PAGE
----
Barrett gave a 2006 commencement speech at Notre Dame Law School in which she said that lawyers should view their work through the lens of religion. She expressed the hope that each graduate would “fulfill the promise of being a different kind of lawyer.”
“And that is this: that you will always keep in mind that your legal career is but a means to an end, and as Father Jenkins told you this morning, that end is building the kingdom of God,” she said. “You know the same law, are charged with maintaining the same ethical standards and will be entering the same kinds of legal jobs as your peers across the country. But if you can keep in mind that your fundamental purpose in life is not to be a lawyer, but to know, love, and serve God, you truly will be a different kind of lawyer.”
In her 2017 confirmation hearing for the circuit court, however, Barrett assured senators that she would be capable of separating her personal views from her work as a judge.
“If you’re asking whether I take my faith seriously and I’m a faithful Catholic, I am,” she said at the time. “Although I would stress that my personal church affiliation or my religious belief would not bear in the discharge of my duties as a judge.”
Trump’s decision to press forward with the confirmation process so close to the election has triggered nationwide alarm. The Supreme Court may wind up adjudicating cases related to the outcome of the election, as it did in 2000.
Democrats are particularly angry that Republicans are proceeding with Barrett’s nomination even though they refused to move ahead with President Barack Obama’s nomination of Merrick Garland to replace Justice Antonin Scalia in 2016. At that time, Republicans cited a supposed tradition against filling a Supreme Court seat during an election year.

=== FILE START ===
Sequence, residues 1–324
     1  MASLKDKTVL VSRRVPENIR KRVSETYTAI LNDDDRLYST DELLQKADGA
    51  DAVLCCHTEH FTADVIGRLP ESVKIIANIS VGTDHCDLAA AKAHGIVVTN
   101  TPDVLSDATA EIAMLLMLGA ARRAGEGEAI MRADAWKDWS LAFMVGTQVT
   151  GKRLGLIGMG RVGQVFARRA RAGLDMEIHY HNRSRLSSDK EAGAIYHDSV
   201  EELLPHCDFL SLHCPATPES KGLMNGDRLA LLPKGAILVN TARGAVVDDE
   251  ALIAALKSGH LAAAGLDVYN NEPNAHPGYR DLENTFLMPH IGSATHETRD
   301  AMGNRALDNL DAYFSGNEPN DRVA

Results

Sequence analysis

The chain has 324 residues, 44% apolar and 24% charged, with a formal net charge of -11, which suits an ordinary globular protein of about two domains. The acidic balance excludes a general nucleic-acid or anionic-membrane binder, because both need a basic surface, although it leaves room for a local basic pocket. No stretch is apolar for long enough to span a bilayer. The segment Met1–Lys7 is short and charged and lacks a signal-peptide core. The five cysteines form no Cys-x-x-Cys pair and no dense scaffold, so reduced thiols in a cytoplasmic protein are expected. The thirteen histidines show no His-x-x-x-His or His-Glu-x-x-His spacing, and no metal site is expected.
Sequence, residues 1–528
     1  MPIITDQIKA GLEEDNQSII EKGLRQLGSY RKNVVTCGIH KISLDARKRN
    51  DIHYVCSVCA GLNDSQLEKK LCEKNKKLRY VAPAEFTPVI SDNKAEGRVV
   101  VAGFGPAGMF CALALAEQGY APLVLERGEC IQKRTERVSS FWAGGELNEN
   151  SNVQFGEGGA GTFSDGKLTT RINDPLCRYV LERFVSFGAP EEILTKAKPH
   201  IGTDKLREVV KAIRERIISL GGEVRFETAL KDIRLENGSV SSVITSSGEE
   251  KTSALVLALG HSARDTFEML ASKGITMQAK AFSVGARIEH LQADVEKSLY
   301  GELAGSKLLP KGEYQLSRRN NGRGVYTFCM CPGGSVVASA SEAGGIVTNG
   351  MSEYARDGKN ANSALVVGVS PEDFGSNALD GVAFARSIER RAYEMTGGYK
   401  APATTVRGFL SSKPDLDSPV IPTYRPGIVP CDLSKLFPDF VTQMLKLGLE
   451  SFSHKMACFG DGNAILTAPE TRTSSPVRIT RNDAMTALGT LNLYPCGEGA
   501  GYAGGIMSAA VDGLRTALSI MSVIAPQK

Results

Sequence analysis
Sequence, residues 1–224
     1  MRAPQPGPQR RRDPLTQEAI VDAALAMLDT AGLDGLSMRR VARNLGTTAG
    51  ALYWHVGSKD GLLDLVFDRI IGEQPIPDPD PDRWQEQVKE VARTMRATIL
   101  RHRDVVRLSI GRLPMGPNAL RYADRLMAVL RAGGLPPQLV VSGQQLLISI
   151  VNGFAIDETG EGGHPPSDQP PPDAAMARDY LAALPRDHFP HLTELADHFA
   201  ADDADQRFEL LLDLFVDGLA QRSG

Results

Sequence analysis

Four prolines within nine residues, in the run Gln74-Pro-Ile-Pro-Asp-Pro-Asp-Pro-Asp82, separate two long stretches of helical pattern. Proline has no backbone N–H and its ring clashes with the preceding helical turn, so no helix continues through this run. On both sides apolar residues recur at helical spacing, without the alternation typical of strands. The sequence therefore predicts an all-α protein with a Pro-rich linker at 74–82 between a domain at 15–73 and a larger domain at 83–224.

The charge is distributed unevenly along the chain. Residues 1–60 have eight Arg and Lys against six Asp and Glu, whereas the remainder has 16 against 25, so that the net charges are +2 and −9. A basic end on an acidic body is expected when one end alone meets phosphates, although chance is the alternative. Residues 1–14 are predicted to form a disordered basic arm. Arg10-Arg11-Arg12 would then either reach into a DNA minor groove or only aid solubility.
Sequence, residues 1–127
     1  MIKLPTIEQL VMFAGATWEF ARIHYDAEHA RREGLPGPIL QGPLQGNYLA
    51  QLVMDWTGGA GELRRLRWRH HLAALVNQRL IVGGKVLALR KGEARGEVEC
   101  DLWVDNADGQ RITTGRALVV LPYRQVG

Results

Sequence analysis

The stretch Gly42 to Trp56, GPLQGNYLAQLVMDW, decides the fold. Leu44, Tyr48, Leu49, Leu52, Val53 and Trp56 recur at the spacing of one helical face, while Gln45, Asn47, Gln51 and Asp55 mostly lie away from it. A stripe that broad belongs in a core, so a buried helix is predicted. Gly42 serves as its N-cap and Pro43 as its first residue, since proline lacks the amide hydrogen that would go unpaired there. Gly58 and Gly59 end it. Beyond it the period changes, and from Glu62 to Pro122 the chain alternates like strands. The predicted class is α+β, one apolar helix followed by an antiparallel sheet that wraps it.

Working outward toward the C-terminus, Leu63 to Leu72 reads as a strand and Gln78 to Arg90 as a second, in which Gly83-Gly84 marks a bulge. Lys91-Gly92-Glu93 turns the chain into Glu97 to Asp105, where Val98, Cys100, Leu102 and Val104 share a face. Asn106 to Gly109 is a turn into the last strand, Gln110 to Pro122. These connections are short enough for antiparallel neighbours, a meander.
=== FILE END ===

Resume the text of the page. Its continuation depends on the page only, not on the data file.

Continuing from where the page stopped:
Scalia died 269 days before the 2016 presidential election; Ginsburg died just 46 days before the 2020 election.
Senate Majority Leader Mitch McConnell argued in 2016 that the results of the midterm elections, which favored Republicans, proved that American voters were dissatisfied with incumbent leadership and should make “their voices heard” before a new judge was put on the bench.
In the last week, however, McConnell attempted to fend off accusations of hypocrisy by arguing that the situation now differs from 2016 because the White House and the Senate are now controlled by the same party. He has apparently remained silent on the results of the 2018 midterms, which favored Democrats.
McConnell called Barrett an “exceptionally impressive jurist” in a statement Saturday.
Few Senate Republicans have criticized Trump’s actions to fill Ginsburg’s seat on the Supreme Court. So far, only Sens. Lisa Murkowski of Alaska and Susan Collins of Maine have said the seat should be filled by the winner of the Nov. 3 election.
Trump’s nomination now goes to the Senate, where it appears to have just enough votes to squeak by.
Confirmation hearings are slated to begin Oct. 12, with just over three weeks for Barrett to be confirmed before Election Day.